2 and the course of the trial. You will be able to place the rules of evidence within their wider historical, social, and psychological contexts. The course will help you enhance your skills in case analysis, problem-solving, and ideally legal research if you are doing some homework and legal writing if you are attempting the review problems as we go along. Once again all students should be prepared for class to benefit the most from it. In this course we will y Examine the fundamental principles governing the adducing of evidence within the adversarial framework of the common law Consider specific rules of evidence, both common law and statutory, which govern how facts may be proved/disproved in mainly criminal but also civil trials Consider the benefits and shortcomings of the way in which the current rules operate and how they may be improved Apply the rules of evidence to practical factual scenarios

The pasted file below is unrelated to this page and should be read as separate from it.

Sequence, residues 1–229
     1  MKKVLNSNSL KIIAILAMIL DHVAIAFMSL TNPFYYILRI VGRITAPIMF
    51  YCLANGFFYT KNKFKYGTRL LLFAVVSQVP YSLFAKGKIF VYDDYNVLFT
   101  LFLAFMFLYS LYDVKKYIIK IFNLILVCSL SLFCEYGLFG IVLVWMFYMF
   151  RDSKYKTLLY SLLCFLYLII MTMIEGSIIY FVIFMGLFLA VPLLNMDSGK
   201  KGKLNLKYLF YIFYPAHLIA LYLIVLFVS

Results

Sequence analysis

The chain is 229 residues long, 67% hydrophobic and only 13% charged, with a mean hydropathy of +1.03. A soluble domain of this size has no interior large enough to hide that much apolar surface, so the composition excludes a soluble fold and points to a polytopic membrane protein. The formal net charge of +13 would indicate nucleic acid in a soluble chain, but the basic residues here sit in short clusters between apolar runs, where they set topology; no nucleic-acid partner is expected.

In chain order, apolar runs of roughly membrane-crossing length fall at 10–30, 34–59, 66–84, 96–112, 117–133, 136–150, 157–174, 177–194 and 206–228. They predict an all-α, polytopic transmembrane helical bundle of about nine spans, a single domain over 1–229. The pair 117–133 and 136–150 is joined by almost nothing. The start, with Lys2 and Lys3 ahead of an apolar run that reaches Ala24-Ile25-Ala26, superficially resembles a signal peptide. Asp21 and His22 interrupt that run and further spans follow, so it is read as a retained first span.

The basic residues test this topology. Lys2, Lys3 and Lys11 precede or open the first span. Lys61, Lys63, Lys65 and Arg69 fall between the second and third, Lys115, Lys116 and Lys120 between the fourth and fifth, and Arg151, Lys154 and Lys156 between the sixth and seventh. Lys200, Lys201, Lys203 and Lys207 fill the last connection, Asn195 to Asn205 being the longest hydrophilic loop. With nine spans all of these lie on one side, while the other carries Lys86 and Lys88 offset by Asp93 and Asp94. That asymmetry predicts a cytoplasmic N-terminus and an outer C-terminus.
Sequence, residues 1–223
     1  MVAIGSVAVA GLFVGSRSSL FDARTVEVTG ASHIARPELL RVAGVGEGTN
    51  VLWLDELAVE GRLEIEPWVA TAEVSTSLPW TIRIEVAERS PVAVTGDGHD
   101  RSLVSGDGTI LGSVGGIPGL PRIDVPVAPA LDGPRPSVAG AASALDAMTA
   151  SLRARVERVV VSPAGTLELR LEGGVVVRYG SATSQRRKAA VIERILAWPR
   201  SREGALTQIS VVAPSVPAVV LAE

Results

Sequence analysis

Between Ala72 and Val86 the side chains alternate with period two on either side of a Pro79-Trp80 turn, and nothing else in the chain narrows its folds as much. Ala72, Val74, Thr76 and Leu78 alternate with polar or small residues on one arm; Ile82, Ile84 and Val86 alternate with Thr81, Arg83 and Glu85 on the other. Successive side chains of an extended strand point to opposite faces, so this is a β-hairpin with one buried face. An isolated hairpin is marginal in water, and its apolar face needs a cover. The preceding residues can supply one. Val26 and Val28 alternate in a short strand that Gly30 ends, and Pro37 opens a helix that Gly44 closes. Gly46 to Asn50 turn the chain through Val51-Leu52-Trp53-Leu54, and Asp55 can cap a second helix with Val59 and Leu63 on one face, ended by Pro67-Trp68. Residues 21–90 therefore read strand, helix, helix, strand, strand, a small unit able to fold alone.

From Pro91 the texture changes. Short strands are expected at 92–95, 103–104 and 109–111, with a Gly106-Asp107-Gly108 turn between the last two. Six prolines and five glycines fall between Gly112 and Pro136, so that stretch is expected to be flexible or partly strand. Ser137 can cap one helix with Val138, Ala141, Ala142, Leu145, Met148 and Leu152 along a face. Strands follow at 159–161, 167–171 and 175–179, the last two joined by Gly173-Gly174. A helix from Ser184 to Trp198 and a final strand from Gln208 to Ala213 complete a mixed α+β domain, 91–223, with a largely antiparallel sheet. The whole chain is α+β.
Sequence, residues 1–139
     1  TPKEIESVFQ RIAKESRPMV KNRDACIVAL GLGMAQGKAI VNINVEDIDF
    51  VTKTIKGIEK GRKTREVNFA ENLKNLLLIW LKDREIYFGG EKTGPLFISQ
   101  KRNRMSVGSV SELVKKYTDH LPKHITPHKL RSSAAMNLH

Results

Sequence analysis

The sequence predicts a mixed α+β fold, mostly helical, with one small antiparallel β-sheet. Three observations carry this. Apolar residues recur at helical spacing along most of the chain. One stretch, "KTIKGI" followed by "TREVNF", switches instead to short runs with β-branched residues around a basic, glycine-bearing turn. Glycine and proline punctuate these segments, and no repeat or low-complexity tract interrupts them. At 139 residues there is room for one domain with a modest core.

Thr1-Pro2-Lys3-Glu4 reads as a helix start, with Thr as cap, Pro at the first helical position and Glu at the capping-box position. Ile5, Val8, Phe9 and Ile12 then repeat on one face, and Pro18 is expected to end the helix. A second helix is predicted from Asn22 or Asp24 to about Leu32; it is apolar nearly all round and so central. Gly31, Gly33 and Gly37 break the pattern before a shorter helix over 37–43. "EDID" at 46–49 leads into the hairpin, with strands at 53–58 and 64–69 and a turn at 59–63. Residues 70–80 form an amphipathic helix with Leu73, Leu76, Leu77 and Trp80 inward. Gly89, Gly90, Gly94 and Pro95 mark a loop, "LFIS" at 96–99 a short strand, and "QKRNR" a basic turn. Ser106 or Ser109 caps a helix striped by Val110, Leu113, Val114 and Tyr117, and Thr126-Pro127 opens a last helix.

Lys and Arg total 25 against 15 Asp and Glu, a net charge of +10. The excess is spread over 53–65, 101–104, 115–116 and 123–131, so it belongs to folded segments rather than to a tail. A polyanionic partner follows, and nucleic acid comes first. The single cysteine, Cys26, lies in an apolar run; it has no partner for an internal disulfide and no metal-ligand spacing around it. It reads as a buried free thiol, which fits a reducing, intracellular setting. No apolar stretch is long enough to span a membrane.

Learning Outcomes By the end of this course, you will y Understand the role of the judge and the jury in relation to the admissibility/assessment of evidence Be able to ascertain who bears the burden of proof in respect of any given case or issue in a case, and explain to what standard facts must be proved in various civil and criminal contexts Understand how rules governing the admissibility of evidence work in practice Be able to place the rules of evidence within their wider historical, social and psychological context Solve problem questions which require research into, understanding and application of the main rules of evidence governing proof of facts in criminal and civil trials Write coherent answers to problem questions in a systematic and persuasive manner

y y

2012. This material is confidential and not to be disclosed to third parties without prior permission. The material is also the copyright of The Chinese University of Hong Kong.